The U.S. Court of Appeals for the Ninth Circuit Tuesday revived a class-action Racketeer Influenced and Corrupt Organizations (RICO) suit against Takeda Pharmaceutical Co. Ltd., of Osaka, Japan, and Eli Lilly and Co., of Indianapolis. In so doing, the appeals court held that patients and third-party payers suing pharmaceutical companies for concealing an allegedly unknown safety risk about a drug can satisfy the proximate cause requirement for a RICO suit. The lawsuit, brought by patients who had taken the companies’ diabetes drug Actos (pioglitazone) and a third-party health care payer fund, alleged Takeda and Lilly conspired to commit mail and wire fraud by intentionally misleading doctors, patients and payers about the drug’s bladder cancer risk. The plaintiffs sought to recover damages under RICO for their purchase of Actos, which they allege they wouldn’t have used had they known of the risk. A lower court had dismissed the case, saying the plaintiffs lacked RICO standing because they failed to allege the claimed RICO violation was the proximate cause of their losses. The Ninth Circuit panel disagreed, concluding that, although doctors served as intermediaries between “defendants’ fraudulent omission of Actos’s risk of causing bladder cancer and plaintiffs’ payments for Actos, prescribing physicians did not constitute an intervening cause to cut off the chain of proximate causation.” In addition, the appellate court ruled in remanding the case to the lower court that the plaintiffs adequately alleged reliance on the drug companies’ alleged misrepresentations and omissions. The ruling deepens a circuit split on the issue, which means the Supreme Court may weigh in if the Ninth Circuit decision is appealed.

The FDA is seeking comments on whether it should create a pilot program for the toxicological and quality evaluation of novel excipients for human drugs and biologics. Historically, the agency has reviewed the safety of novel excipients only within the context of an investigational new drug, a new drug application or a biologics license application, but stakeholders have encouraged the FDA to set up a novel excipient review program outside that context. Proponents of such a program have said the FDA's recognition of a novel excipient would reassure sponsors that the ingredient could be used in a drug development program while minimizing the risk that the agency would raise safety concerns when reviewing a drug application, according to a notice slated for publication in Thursday’s Federal Register. Because of a perceived risk aversion on the part of drug developers, novel excipients may be avoided in drug development programs under the current system, even when the excipients have potential public health benefits, stakeholders have told the FDA. The comment deadline is Feb. 3.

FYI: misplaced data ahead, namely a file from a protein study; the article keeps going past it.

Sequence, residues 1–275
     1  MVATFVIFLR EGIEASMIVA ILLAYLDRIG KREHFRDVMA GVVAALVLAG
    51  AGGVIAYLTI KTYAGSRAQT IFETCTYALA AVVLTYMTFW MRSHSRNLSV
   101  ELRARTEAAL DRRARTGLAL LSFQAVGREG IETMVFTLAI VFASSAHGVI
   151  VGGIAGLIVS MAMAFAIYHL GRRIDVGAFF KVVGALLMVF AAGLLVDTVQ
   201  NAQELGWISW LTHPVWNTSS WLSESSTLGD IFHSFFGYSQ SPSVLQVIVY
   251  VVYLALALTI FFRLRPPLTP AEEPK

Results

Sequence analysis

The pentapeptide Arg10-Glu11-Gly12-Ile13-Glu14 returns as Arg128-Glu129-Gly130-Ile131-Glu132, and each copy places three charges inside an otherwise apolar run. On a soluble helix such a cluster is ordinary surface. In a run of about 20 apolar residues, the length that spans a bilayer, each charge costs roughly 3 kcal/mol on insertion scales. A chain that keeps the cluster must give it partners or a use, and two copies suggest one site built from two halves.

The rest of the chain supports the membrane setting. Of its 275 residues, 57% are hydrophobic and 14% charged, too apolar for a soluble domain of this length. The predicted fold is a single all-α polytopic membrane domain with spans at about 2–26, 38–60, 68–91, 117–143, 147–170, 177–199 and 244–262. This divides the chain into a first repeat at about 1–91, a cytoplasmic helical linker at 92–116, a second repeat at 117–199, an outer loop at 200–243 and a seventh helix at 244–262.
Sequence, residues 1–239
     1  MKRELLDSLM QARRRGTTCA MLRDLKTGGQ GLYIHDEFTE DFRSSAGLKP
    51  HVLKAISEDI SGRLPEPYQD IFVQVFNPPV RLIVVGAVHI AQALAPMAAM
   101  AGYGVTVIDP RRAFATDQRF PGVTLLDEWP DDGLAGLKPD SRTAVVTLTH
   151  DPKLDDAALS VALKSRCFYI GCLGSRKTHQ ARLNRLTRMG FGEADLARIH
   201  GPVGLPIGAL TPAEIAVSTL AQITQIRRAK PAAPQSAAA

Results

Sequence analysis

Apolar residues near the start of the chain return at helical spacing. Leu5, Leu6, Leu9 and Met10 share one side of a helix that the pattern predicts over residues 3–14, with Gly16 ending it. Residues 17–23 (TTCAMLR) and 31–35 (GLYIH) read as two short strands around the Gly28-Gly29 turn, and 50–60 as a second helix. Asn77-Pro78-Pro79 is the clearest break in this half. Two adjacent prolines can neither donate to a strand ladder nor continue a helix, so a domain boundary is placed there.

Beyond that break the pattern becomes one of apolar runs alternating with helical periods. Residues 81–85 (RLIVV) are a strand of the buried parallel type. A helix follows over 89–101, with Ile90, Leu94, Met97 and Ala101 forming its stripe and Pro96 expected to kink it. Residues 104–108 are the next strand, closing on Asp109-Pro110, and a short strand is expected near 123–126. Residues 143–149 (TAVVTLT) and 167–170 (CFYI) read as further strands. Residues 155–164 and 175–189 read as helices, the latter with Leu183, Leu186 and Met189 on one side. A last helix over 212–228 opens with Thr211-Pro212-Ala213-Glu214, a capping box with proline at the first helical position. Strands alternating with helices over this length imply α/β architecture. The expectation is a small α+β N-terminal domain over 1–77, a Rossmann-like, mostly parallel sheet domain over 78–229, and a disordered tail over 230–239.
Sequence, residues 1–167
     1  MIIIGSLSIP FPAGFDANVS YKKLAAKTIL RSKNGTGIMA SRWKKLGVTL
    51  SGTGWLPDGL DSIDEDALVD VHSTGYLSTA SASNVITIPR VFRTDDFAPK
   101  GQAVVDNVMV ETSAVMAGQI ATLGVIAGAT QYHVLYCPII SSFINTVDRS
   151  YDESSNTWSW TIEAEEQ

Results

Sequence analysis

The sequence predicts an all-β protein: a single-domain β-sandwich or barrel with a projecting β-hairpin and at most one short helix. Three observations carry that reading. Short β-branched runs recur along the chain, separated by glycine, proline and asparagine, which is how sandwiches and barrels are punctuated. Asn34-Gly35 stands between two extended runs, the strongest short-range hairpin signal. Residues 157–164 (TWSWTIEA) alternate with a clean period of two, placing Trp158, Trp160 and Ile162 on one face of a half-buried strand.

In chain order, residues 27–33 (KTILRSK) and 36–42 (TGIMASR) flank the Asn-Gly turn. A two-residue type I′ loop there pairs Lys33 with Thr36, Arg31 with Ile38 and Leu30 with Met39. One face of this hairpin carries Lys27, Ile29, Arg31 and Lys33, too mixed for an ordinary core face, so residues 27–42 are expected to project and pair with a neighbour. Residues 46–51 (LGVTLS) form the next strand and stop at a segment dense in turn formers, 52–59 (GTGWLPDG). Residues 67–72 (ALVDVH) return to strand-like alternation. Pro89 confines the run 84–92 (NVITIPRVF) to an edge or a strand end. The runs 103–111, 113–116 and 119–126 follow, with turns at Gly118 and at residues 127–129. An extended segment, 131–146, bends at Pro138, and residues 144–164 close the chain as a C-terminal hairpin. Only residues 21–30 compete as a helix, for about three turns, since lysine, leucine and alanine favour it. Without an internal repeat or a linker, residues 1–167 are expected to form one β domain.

The FDA is issuing a draft guidance on establishing the effectiveness of drugs intended to treat interstitial cystitis/bladder pain syndrome, a complex, poorly understood syndrome of unknown cause. Incorporating recommendations the FDA received at a December 2017 advisory committee meeting on trial design features, the draft discusses key considerations such as enrollment criteria and efficacy endpoint selection. It also provides general recommendations on trial design features, statistical considerations and the use of patient-reported outcome instruments to demonstrate a clinically meaningful change with treatment. Comments should be submitted by Feb. 3.

Rising Pharmaceuticals Inc. agreed to pay more than $3 million in deferred prosecution and civil agreements to resolve a federal felony price-fixing charge and civil False Claims Act (FCA) violations involving a generic blood pressure drug. As part of the agreements, the Saddle Brook, N.J.-based generic drug company admitted that it conspired with a competitor to fix prices and allocate customers for benazepril hctz in 2014 and 2015, according to the U.S. Department of Justice (DoJ). The agreements call for the company to cooperate fully with DoJ’s ongoing criminal investigation into the generics industry and to pay $1.1 million in civil damages for the FCA violations, $438,066 in restitution and a fine of $1.5 million. Since Rising Pharmaceuticals has filed for bankruptcy, both agreements must be approved by the bankruptcy court. DoJ noted that the felony charge against the company was the fourth the department has filed in its investigation. Previously, two executives pleaded guilty to criminal antitrust violations, and Heritage Pharmaceuticals Inc., now doing business as Avet Pharmaceuticals Inc., of New Brunswick, N.J., entered into a deferred prosecution agreement with the DoJ’s Antitrust Division.

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